New Delhi: A university that holds the reputation of being Australia’s most engaged higher education institution, owing to its industry and government partnerships, CQ University, Australia is determined to support the community at large. This can be reflected in their ambition of solving common challenges and embracing common opportunities.
This year marks the university’s 20th-year year association with Asia. As the delegation from Australia visited India to celebrate this milestone, they recollected their accomplishments in the education sector. The University in this period has gone beyond its way providing access to education to students from India, Bangladesh, Bhutan Nepal, Pakistan, and Sri Lanka and fulfilling their aspiration of studying in Australia. Professor Nick Klomp, Vice-Chancellor and President at CQ University shared his thoughts on the university’s social innovation. He said, “CQ University’s activities in the Asia region extend beyond student recruitment. We aim to serve the community through student and staff volunteering, placements, study tours, research, community welfare to support livelihoods.”
An existing partnership which the University takes great pride in is its 10-year relationship with the Salaam Baalak Trust (SBT). SBT is an NGO in Delhi that provides educational and economic support to street and working children in the region. SBT and CQU have worked together to provide scholarship for 72 children. Out of these 72 children, 62 have so far completed their education and are now not only completely financially independent but also supporting their families. In its own way, this marks over 180 lives progressively impacted by CQ University Australia and continues to grow.
As a part of the ‘Walk into the Street Life of Delhi’ initiative, continued sponsorship was provided to select children throughout the course of their respective programmes.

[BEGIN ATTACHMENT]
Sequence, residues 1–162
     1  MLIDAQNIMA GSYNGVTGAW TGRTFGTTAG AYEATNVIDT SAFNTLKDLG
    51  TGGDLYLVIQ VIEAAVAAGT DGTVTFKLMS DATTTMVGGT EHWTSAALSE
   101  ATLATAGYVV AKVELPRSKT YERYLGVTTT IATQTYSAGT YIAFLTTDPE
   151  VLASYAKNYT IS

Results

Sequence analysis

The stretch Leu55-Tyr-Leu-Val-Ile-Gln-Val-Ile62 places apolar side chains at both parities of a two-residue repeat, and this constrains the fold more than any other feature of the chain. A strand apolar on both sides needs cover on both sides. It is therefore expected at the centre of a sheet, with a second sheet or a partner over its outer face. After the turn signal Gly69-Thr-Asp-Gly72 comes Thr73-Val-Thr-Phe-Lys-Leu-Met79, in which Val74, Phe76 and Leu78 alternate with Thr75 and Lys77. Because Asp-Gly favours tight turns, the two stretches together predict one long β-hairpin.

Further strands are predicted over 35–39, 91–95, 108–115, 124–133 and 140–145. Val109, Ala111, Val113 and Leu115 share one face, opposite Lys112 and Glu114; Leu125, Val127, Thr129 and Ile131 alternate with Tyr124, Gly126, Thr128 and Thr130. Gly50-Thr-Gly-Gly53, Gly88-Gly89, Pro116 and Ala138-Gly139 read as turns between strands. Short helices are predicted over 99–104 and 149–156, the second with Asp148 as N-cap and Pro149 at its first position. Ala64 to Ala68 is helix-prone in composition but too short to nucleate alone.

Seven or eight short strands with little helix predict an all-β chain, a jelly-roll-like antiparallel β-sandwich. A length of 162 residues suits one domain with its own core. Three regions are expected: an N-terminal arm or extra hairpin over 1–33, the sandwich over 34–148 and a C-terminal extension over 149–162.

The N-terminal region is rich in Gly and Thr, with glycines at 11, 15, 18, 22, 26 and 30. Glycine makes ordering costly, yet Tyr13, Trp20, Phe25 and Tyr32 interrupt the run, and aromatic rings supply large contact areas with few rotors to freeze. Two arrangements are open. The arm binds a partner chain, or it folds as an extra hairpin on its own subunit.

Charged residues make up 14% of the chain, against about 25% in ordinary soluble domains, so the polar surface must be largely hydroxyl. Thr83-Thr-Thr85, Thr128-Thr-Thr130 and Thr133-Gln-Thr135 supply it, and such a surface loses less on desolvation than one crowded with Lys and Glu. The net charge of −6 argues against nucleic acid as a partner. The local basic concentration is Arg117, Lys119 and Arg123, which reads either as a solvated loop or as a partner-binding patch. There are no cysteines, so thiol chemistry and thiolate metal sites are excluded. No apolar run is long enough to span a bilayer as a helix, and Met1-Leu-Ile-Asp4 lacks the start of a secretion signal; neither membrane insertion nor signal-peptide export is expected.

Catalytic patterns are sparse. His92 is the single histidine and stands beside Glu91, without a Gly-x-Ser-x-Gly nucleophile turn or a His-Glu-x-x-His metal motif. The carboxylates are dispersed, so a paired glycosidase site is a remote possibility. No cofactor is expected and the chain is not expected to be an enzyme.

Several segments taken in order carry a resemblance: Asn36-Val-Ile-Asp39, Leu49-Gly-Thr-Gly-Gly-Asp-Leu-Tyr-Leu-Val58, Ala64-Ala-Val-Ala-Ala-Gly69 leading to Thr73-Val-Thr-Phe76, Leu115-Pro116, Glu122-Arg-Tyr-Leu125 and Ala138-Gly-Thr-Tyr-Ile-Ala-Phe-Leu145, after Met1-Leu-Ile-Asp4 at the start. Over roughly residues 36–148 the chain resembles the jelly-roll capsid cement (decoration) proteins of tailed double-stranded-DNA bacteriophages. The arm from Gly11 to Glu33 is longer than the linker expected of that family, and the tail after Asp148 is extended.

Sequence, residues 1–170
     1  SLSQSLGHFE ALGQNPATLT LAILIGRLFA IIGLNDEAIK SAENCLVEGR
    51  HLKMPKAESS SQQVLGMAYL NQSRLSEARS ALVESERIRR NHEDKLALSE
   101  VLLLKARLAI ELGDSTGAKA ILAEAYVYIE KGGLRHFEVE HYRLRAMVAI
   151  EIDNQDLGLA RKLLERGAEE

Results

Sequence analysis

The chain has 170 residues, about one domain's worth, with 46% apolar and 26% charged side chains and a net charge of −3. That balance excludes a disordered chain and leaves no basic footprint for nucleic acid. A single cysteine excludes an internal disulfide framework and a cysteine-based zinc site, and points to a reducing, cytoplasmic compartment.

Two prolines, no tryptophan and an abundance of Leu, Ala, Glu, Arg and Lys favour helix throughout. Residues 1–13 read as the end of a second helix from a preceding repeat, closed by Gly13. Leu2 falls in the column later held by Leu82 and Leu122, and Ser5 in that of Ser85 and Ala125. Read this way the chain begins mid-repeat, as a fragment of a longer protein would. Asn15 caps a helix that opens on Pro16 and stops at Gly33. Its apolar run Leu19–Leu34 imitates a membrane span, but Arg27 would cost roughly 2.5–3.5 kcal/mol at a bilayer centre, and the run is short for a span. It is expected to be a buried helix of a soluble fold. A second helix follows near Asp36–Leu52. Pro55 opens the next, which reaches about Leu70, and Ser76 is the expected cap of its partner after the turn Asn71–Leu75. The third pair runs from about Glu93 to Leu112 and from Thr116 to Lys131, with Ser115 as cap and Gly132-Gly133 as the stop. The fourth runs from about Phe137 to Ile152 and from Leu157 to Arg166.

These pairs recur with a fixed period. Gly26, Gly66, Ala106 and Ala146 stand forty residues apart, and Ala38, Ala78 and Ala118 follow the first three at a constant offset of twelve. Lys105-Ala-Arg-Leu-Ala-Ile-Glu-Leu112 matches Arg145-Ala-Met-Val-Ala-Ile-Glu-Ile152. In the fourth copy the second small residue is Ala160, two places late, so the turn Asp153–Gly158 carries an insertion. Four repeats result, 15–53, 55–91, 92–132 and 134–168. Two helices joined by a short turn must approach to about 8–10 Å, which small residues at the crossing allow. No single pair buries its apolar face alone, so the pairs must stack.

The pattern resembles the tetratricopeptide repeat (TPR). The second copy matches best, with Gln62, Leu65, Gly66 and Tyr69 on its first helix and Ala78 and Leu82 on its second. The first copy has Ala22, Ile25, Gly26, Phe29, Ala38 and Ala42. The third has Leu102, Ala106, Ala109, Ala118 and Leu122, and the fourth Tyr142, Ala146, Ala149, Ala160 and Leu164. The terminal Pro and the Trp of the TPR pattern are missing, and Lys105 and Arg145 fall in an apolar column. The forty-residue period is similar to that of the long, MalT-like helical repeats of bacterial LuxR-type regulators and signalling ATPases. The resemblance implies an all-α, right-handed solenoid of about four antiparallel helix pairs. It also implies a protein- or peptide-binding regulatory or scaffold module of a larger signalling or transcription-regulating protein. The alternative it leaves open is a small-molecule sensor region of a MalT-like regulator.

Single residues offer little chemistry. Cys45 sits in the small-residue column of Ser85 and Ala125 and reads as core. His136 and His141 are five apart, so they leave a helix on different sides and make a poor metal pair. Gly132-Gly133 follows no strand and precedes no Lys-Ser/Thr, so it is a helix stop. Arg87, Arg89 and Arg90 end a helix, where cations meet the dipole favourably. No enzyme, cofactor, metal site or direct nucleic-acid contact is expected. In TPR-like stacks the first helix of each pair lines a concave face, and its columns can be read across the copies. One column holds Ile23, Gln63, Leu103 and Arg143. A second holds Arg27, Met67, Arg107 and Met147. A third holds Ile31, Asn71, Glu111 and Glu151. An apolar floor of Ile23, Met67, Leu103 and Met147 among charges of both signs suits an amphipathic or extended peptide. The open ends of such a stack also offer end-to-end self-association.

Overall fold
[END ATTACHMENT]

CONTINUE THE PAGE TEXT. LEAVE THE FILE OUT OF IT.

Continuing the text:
This initiative has not only added value to the lives of the children, but also their parents, siblings, and/or other people affected directly or indirectly. Commenting on the initiative, Prof. Nick Klomp said, “A key pillar of CQ University is that we endeavour to change lives, and through our partnership with Salaam Baalak Trust, we have been able to achieve this in a country such as India, which has given so much to the University.”
CQU has donated approximately A$600,000 to SBT NGO since 2011 as a part of their in-country scholarship programme. This programme helped support educational and economic expenses of several street children. These young adults today are carving a niche for themselves across various fields such as fashion design, dance, photography, finance, real estate, and so on. “These former students have gained immense respect in their field of work and have also accomplished great heights. One is an accountant at IBM, one is a manager at Jones Lang LaSalle (JLL), a real estate company, and one is even a manager at the Reserve Bank of India,” Professor Klomp added.
Abhinav Bhatia, Senior Trade & Investment Commissioner, South Asia at Trade and Investment Queensland said, “It is a matter of great inspiration and pride for all of us. Education is instrumental in ensuring a better life for children globally. Over the last 20 years, Central Queensland University has not only made a difference in the lives of 28,000 students from South Asia who decided to study in Australia but also numerous marginalised children and families by giving them access to education and opportunity. It’s equally inspiring to see the incredible achievements of the students from SBT and their drive to improve the lives of the communities further.”
CQ University continues to impact lives, and in the upcoming years, it aims to support plenty more children in fulfilling their desires. The university acknowledges and values the sacrifices made by several families, especially in South Asia, to send their children abroad for higher education. And so, it is driven to partake in returning the favour to the community.